A Congressional panel has asked the Federal Reserve for details on its decision to hire BlackRock Inc. to manage $30 billion in assets held by the Fed after JPMorgan Chase & Co.’s buyout of Bear Stearns Cos. Rep. Henry Waxman, who is the chairman of the House Oversight and Government Reform Committee, wrote a letter asking New York Federal Reserve Bank President Timothy Geithner to explain how officials decided to pick BlackRock, the terms of their agreement with the firm and what plans the Fed has to oversee its handling of the portfolio. Rep. Waxman, who is becoming a real champion for consumers, which include investors, observed:
It appears that BlackRock is serving as a government contractor providing complex financial services to the Federal Reserve. If BlackRock does its job well, the taxpayers will be made whole or even experience a gain. If BlackRock is not successful, the taxpayers stand to lose billions of dollars.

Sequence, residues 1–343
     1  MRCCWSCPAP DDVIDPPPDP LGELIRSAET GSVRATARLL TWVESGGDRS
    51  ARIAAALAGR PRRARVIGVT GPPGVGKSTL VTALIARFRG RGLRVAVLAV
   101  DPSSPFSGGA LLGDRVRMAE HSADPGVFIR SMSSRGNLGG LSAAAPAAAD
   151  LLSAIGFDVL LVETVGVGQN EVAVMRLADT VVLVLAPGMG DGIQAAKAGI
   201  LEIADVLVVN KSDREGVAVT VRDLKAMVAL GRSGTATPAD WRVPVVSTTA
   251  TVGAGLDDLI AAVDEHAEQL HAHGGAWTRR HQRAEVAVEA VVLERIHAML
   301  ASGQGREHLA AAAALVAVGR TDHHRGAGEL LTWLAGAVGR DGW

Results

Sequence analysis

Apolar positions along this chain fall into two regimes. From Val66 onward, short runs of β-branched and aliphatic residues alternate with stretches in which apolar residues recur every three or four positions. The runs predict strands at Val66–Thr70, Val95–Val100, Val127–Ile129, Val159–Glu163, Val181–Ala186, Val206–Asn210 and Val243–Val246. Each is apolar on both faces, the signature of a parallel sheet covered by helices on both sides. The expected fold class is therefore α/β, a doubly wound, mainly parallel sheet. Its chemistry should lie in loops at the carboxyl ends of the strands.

The Fed, attempting to stave off the bankruptcy of Bear Stearns, agreed to take illiquid assets off the company’s balance sheet to encourage JPMorgan to buy the firm. Most of the investments were mortgage-backed securities and “related” items. BlackRock will attempt to sell the assets to pay back the Fed and JPMorgan. Federal Reserve Chairman Ben S. Bernanke tried to justify not taking bids on this contract when he told the Joint Economic Committee of Congress last month that it was “simply not practical” to put the job out to competitive bidding “given the short time period” for brokering the Bear Stearns agreement. Congress is entitled to know, according to Rep. Waxman, whether the Fed intends to eventually open up “this potentially lucrative position” to competitive bidding in order to ensure that “taxpayers are getting the best value for their money.” Rep. Waxman is also concerned about what he called the bank’s “apparent lack of concrete terms” with BlackRock, noting that Bernanke told Congress on April 2nd that the firm is working “on a fee-to-be-determined-later basis.” Rep. Waxman says his committee’s investigations have shown that “when contract terms are not defined in advance, it is usually the taxpayer — not the contractor — who suffers.” I certainly agree with that assessment. A no-bid contract with no set fee agreement in place can’t be a good thing for taxpayers who will foot the bill. What do you think?
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